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Predicting the Future: How’s That Working Out?


With 2022 off to a good start, it is about time to let go of all those New Year’s resolutions that didn’t quite work out. The scale’s needle didn’t reverse, our nails are still bitten, and we are still binge-watching Breaking Bad instead of reading the classics. But, of course, there’s always the future where we just know we’re going to stick to our resolutions. Besides, the future will be replete with fat-eating nanobots, 3D printed nails every morning, and a pill you can take that will make you remember reading Ulysses.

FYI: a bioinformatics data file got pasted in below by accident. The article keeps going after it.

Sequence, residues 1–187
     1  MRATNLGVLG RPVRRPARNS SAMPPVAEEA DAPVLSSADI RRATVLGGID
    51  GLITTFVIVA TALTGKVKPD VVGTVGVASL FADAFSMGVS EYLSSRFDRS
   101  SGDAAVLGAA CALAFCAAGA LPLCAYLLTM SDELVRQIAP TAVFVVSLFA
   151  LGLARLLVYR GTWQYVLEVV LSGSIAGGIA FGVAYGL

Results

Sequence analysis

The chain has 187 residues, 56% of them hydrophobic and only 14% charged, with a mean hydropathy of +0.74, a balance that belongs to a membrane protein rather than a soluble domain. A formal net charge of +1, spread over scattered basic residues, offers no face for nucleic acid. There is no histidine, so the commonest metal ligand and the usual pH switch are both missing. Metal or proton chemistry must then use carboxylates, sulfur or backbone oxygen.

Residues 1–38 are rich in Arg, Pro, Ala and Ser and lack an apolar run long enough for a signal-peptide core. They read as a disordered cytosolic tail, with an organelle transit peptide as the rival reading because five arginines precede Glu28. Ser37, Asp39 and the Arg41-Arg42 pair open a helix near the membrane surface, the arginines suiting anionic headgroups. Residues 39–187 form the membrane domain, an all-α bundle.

Predicting the future is fraught with peril, which is why launching a new company or product is so risky. However, there have been a few prognosticators that have made some impressive forecasts. For example, in 1922 popular (if not critically acclaimed) author W. L. George wrote a piece for The New York Herald titled “What the World Will be Like In a Hundred Years.” Since May will see that piece’s 100th anniversary, let’s see how he did.

Catching Some Rays

George comments on the revolution of the X-ray and predicts that by 2022 there will be many new “rays.” This was a common trope in science fiction, from death rays to shrink rays, but we aren’t convinced there have been many new rays in the technical sense. However, we do have a lot of new imaging technology that a person of George’s time might see as rays — think MRI or PET scans, for example.